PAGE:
The last lecture was on sound and could only be accessed on Blackboard as an audio file. The whole thirty minute lecture is two interviews with people in field of radio. The first interview is with a man, who as apart of his career, conducts long-form intimate interviews with generally interesting people such as famous sportsmen and politicians. He discusses some of his techniques that he uses to get the most out of an interview, making it more organic and natural, and really have a deep discussion with interviewee. One that he highlights is the power of listening, ensuring that when the interesting person is divulging a meaningful anecdote or some other private information, that he/she is not interrupted. The general rule is that when an interviewee fondly reminiscing, bombarding them with follow-up questions is the worst thing for the situation. Another good point he made, was the beauty of silence in radio and how it can be used for effect. He recounted when his former co-host - unfortunately - frantically talked during a silent moment in an interview because he thought that was ruining it.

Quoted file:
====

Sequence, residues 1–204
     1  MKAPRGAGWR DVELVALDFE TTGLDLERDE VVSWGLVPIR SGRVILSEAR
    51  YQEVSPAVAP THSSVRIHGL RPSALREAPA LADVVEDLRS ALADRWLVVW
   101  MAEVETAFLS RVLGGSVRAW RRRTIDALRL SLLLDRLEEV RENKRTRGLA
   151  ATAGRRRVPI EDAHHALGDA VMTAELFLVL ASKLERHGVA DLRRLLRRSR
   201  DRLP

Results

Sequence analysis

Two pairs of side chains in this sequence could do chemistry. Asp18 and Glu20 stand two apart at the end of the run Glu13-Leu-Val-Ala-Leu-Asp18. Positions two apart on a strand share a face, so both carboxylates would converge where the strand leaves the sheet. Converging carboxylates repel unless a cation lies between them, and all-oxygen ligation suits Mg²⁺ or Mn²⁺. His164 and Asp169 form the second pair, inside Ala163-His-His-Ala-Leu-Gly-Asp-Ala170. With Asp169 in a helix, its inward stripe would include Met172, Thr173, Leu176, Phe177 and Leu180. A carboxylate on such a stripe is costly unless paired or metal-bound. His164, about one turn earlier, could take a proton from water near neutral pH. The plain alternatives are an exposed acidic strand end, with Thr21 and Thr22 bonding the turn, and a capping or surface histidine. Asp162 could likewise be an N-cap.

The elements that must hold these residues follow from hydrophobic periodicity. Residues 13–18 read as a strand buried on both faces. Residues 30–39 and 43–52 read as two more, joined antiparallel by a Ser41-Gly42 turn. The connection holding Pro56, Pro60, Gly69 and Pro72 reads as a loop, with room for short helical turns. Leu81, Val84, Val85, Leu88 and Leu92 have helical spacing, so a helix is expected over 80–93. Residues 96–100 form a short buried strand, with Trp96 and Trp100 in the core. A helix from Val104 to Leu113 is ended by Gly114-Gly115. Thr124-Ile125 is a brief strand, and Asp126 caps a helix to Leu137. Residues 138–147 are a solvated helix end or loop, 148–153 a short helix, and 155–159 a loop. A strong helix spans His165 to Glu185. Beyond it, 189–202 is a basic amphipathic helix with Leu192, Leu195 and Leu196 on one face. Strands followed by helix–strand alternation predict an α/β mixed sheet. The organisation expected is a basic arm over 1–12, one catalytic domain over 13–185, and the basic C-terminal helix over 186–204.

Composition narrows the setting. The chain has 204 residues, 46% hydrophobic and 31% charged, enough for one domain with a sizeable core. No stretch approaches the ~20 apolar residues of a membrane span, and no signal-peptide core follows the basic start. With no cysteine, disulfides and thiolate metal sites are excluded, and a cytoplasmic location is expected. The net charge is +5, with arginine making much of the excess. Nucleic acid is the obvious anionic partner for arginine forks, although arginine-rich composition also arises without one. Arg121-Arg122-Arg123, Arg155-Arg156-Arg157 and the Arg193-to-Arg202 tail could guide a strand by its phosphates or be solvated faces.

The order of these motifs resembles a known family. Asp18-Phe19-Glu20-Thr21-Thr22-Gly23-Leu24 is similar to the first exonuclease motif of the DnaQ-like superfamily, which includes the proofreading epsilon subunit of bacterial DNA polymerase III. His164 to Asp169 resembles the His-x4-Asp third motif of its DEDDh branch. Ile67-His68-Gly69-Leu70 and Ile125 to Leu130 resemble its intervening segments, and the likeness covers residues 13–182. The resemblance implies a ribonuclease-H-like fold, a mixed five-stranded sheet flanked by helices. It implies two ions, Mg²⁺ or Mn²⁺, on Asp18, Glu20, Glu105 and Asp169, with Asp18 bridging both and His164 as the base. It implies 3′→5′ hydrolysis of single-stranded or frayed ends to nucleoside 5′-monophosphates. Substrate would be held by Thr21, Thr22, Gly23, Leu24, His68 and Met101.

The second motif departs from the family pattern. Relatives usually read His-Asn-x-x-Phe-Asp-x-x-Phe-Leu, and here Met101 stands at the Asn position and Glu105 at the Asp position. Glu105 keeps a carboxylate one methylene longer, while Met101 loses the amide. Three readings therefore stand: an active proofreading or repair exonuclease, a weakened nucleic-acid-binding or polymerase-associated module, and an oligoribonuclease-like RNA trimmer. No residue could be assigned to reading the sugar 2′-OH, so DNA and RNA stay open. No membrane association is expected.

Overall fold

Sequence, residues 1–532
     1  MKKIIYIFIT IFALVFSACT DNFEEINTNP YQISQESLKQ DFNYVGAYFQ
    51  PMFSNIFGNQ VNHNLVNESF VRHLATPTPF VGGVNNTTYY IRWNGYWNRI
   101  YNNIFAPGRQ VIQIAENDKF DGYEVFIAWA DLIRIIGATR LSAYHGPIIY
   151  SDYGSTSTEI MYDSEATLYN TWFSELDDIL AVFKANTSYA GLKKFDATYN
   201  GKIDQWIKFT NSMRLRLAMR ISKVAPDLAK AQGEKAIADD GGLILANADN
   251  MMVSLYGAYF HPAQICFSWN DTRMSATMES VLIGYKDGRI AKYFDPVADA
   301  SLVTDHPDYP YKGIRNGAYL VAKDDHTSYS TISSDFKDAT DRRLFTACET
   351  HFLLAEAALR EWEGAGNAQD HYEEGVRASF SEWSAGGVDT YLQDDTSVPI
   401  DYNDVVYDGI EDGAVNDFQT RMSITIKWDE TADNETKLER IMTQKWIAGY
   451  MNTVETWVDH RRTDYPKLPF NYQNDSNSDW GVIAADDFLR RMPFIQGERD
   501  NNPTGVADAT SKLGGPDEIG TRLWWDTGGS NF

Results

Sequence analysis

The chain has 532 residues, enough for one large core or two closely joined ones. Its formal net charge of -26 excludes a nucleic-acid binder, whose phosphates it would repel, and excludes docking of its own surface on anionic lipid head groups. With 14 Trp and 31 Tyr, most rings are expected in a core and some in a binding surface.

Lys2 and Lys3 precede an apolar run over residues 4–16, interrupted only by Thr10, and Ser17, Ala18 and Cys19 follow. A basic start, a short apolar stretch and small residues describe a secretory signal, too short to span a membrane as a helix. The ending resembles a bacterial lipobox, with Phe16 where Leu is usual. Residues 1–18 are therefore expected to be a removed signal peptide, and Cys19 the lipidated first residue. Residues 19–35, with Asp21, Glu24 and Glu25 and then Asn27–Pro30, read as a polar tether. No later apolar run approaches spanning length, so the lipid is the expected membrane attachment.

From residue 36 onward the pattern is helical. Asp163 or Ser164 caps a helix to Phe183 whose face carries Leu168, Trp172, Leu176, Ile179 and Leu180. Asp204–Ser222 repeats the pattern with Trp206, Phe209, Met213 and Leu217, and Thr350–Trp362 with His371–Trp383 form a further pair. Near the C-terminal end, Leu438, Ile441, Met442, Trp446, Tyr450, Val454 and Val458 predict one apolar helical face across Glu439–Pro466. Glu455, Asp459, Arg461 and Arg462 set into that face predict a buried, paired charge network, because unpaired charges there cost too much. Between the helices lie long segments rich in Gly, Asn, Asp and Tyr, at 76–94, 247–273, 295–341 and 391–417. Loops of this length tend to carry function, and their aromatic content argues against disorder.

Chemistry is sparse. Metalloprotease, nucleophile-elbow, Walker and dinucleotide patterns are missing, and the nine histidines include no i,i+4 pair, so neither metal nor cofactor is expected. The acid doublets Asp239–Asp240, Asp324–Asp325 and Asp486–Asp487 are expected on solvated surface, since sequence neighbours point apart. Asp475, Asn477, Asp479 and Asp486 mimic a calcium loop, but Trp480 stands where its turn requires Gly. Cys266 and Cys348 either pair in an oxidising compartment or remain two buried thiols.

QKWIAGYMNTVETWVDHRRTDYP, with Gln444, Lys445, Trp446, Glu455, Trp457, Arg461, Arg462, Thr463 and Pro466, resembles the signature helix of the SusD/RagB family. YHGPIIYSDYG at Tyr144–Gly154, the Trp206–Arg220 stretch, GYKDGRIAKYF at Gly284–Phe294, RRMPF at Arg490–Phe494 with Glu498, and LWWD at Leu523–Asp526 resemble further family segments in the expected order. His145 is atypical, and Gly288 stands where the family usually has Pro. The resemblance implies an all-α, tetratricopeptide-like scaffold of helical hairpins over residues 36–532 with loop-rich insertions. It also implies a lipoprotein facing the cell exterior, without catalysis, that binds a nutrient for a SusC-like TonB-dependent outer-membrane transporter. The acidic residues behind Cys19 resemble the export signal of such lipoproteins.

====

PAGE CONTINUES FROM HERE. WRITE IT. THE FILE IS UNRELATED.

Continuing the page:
The other man of the two interviews is better known for his role in talk-back radio. The only reason I remember his name, Steve Austin, is because it's the same name of the famous "professional" wrestler. He talked about how he tries to discuss important topics of the day on his radio program, with some being more serious than others. Austin made the interesting observation that on his program, the vox populi is more vocal towards more trivial things like the feud between cyclists and motorists rather than big affairs such as the War in Iraq. I found this to be very interesting. The interview also gave me some intriguing insight into the selection process for callers who want to voice their opinions.